• Full registration with the General Medical Council (GMC)
  • A valid licence to practice medicine
  • Additional qualifications, e.g., adult (ALS) and paediatric (APLS/PALS) trauma and resuscitation (ATLS, ATACC, PHTLS)
  • Demonstrable pre-hospital situational awareness, the ability to make sound clinical judgements under pressure and leadership
  • Authorisation to work outside an Approved Practice Setting

Remote Nurses

The primary concern in remote areas is wound care, thereby making nurses a vital addition to any team – injury and wounds account for the bulk of medical problems, especially on an expedition.

The following experience may be required before becoming a remote nurse. In the UK, these may include:

  • A minimum period of post-registration experience
  • Pre-hospital care or emergency nursing
  • Additional qualifications, e.g., Immediate Life Support (ILS) via Resuscitation Council UK
  • No current practice restrictions as a Registered nurse with the Nursing & Midwifery Council (NMC)

Remote Paramedics

Remote paramedics (or ‘expedition paramedics’) generally attend to a broader set of procedures, diagnostics and medication (e.g., antibiotics) than a regular paramedic. These can include advanced wound care, supervision of common illnesses and trauma management.

UK-based appointees may also be required to have:

  • A minimum period of post-registration experience
  • No current practice restrictions alongside Health and Care Professions Council (HCPC) registration
  • Own arrangements to purchase, store and use controlled drugs

Remote Emergency Medical Technicians (EMTs)

EMTs in a remote or extreme environment provide pre-hospital care (medical and trauma), manage incidents, assess patients, and give treatment.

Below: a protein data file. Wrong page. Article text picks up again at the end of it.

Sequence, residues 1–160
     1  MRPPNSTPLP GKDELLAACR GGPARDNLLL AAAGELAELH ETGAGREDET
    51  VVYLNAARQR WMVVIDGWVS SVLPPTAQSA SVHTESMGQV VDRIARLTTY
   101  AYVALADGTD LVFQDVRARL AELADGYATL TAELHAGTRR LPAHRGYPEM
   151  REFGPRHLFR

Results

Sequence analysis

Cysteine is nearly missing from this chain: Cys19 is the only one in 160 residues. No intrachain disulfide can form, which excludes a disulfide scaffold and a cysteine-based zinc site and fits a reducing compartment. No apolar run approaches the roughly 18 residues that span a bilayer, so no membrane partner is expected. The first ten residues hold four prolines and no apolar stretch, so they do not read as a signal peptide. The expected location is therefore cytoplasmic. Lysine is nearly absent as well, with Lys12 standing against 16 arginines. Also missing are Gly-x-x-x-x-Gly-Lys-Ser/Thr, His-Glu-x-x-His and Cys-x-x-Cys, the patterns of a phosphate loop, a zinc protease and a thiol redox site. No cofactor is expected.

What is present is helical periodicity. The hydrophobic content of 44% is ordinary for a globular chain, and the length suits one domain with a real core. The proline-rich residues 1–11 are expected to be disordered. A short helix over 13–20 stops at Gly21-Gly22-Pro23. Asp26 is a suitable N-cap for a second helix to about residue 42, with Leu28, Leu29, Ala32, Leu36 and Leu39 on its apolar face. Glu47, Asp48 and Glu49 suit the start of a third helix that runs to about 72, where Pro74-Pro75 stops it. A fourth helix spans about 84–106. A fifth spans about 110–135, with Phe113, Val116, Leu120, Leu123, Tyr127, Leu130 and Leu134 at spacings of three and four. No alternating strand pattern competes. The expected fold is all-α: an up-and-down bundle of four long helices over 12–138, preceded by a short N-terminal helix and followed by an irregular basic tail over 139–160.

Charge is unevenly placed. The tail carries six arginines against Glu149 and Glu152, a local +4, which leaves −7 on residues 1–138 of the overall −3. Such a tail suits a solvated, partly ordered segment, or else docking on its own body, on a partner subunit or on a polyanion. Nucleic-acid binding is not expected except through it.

In the UK, EMTs may be required to:

  • Have an EMT qualification at a certain RQF level (e.g., Level 5)
  • Be able to prove competence and training in immediate life support (including use of a defibrillator/AED)
  • Be trained in intermediate airway management

Remote First Aiders

First Aiders in a remote setting tend to be qualified beyond the typical first aid knowledge, managing on-scene trauma and treating the most common problems encountered in a remote environment.

Organisations may also require the following to be a remote First Aider:

  • Hold First Aid RCF Level 3 or IHCD First Person on Scene qualifications
  • Experience delivering first aid to the public
  • Proven competency and training in the use of automated defibrillators, airway adjuncts and bag-mask ventilation and use of certain medical gasses

Skillsets that go beyond medicine

Medical proficiency only forms a part of the broader skillset needed to succeed in medicine in remote areas.

We know prevention is better than cure, and the skills in survival, fieldcraft, and support equipment are essential to master alongside medical training for this very reason. After all, if you know how to purify water and choose the best clothing for the job, you’re already helping avoid unnecessary medical problems.

Learning the basics of navigation and camp building is also vital to success, as is leadership, risk assessment, incident management, and search and rescue.